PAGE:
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LPA removal from home

Sealettuce

New member
Jun 27, 2021
2
0
Can an attorney (son) with LPA for both health and finances remove parent with dementia from a nursing home giving no notice? To care at home after a violation of father's privacy that the home has denied and trying to say father gave permission?
 

Sarasa

Volunteer Host
Apr 13, 2018
3,539
0
Hi @Sealettuce and welcome to Dementia Talking Point. I'm sorry that what sounds like a very distressing situation has bought you here.
I'm sure others who know more about this topic will be along shortly, but I would be very wary of taking a loved one from a nursing home and bringing them home. Some people on Dementia Talking Point have done this, and I don't think any of them managed to care for their loved one at home successfully. I also think, that even though you have LPA, if the medical staff involved with your father consider that his needs could not be met at home they would challenge any attempt to move him.
I think you might find it useful to discuss this with the support line - Dementia Connect support line: 0333 150 3456 and dementia.connect@alzheimers.org.uk. They are open till four today
 

Shedrech

Volunteer Moderator
Dec 15, 2012
10,625
0
Yorkshire
hello @Sealettuce
a warm welcome to DTP

that's a tricky one ... if the father has capacity to make such decisions, then that's his choice ... though the Local Authority Adult Services may well want to be assured that this is in his best interests and that satisfactory support is in place to meet the father's care needs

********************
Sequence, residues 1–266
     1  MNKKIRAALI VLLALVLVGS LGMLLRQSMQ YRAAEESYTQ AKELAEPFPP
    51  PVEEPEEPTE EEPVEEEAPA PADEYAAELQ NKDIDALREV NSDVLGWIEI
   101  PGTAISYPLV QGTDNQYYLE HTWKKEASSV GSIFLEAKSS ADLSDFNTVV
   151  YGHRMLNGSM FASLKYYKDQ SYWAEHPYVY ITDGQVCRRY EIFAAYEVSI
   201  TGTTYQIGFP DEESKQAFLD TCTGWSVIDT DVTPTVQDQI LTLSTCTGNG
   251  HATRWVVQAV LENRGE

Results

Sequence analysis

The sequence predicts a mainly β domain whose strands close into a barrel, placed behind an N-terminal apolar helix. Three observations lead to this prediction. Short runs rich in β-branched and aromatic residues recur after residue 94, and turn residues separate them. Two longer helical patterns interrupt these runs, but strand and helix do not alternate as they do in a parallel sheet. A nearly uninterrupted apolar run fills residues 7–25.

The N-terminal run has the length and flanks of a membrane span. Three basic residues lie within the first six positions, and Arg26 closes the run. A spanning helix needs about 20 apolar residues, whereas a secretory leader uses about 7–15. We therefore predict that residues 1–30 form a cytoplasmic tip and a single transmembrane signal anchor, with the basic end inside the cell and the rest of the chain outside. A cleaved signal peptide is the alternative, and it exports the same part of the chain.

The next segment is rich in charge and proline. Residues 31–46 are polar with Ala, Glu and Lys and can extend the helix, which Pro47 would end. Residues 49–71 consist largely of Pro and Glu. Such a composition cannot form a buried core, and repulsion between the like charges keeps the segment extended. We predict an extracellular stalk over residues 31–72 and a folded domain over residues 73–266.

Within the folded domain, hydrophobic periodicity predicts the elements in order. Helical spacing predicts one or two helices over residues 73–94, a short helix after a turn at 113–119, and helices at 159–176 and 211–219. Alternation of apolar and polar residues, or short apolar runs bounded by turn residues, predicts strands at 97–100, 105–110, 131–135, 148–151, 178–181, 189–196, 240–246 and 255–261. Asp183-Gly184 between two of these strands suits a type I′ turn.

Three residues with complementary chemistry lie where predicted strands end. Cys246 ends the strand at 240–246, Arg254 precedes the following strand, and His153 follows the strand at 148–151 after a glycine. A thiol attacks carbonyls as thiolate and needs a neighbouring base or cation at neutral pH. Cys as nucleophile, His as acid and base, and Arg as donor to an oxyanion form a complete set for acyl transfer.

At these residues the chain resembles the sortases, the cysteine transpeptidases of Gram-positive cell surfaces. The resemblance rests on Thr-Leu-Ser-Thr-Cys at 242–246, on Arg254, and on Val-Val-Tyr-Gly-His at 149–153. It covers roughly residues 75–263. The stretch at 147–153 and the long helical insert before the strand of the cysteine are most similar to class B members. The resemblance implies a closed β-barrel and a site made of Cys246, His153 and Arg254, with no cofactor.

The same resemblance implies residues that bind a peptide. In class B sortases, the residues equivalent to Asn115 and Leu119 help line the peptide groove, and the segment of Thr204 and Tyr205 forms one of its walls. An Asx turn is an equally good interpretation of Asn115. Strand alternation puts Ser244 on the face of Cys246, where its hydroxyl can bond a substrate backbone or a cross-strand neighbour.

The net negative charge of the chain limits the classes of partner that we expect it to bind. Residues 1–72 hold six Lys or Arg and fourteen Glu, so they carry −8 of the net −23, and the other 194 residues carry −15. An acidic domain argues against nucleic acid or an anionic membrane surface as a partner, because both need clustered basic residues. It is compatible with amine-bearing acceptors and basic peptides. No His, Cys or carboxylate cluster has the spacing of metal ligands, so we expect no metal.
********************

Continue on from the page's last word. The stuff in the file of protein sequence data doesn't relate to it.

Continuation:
if the father no longer has capacity, the Attorney has the responsibility to act only in the father's best interests, and again the LA might well want assurance, especially as you mention that it is a nursing home, which implies a high level of care and health needs

it would be unusual for such action to be taken ... LPAs don't mean that an Attorney's wishes, or even the person's wishes, override the best interests of the donor ie the father

I'm not sure what the incident may have been; talking things over with the care home manager may reassure the son and discussions may make clearer what is acceptable to the father .... if this is a safeguarding issue, it needs to be lodged as a formal complaint and the LA informed

maybe have a chat with an advisor on the support line, as they have a lot of knowledge
 

jetted

New member
Nov 29, 2018
2
0
I would be very interested in the answer to this question. I was told my husband needed 24 hour nursing home care, costing upwards of £1000 weekly. I had been caring for him but, as he liked to wander and was difficult if thwarted, he had to be cared for in a nursing home. He has now been in a nursing home for a few weeks and is miserable there. I have Power of Attorney Welfare and Finance, and when I suggested I would bring hime home, I was told that, while I had the power to do that, I might be facing a challenge in the court.
 

Jaded'n'faded

Registered User
Jan 23, 2019
1,953
0
High Peak
I don't know the answer but I'm wondering if money will come into the equation. If the father is self-funding, you can pretty much move him at will as you will be paying. If the council are funding his care at the home, then they will have to be involved in any move, I think. Would you be expecting the council to fund a new care package at home if he was moved back there? Often, the council will only fund a maximum of 4 care visits per day. If he needs more than that it would probaby be considered in his best interests to be in a care home as that works out cheaper for the council.

And is a move back home the only option? Might you consider moving him to a different care hme if you're not happy with the place he's in now?
 

Shedrech

Volunteer Moderator
Dec 15, 2012
10,625
0
Yorkshire
I agree @jetted
once it has been deemed necessary to move someone into residential nursing care to meet their needs, it is usually difficult to then return the person home and a 'best interest meeting' can be called with the possibility of referral to the Court of Protection which has the ultimate duty of care